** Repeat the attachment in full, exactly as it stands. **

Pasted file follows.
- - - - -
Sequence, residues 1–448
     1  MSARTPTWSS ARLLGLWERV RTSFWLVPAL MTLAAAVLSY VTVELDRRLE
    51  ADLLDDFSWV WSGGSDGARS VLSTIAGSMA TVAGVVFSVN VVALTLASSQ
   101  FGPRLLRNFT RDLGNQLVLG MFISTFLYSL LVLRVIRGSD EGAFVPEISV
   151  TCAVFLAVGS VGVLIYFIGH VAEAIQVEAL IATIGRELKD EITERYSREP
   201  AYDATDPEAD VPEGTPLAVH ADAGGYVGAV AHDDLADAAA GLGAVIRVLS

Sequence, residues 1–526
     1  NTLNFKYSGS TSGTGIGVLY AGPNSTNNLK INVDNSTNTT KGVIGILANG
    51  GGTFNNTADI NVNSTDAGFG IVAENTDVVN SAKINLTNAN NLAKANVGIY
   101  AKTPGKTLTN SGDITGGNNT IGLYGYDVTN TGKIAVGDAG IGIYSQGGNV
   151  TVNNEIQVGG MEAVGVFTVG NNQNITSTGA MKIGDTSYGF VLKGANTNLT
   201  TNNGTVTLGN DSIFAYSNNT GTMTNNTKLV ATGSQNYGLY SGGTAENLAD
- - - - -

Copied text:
Sequence, residues 1–448
     1  MSARTPTWSS ARLLGLWERV RTSFWLVPAL MTLAAAVLSY VTVELDRRLE
    51  ADLLDDFSWV WSGGSDGARS VLSTIAGSMA TVAGVVFSVN VVALTLASSQ
   101  FGPRLLRNFT RDLGNQLVLG MFISTFLYSL LVLRVIRGSD EGAFVPEISV
   151  TCAVFLAVGS VGVLIYFIGH VAEAIQVEAL IATIGRELKD EITERYSREP
   201  AYDATDPEAD VPEGTPLAVH ADAGGYVGAV AHDDLADAAA GLGAVIRVLS

Sequence, residues 1–526
     1  NTLNFKYSGS TSGTGIGVLY AGPNSTNNLK INVDNSTNTT KGVIGILANG
    51  GGTFNNTADI NVNSTDAGFG IVAENTDVVN SAKINLTNAN NLAKANVGIY
   101  AKTPGKTLTN SGDITGGNNT IGLYGYDVTN TGKIAVGDAG IGIYSQGGNV
   151  TVNNEIQVGG MEAVGVFTVG NNQNITSTGA MKIGDTSYGF VLKGANTNLT
   201  TNNGTVTLGN DSIFAYSNNT GTMTNNTKLV ATGSQNYGLY SGGTAENLAD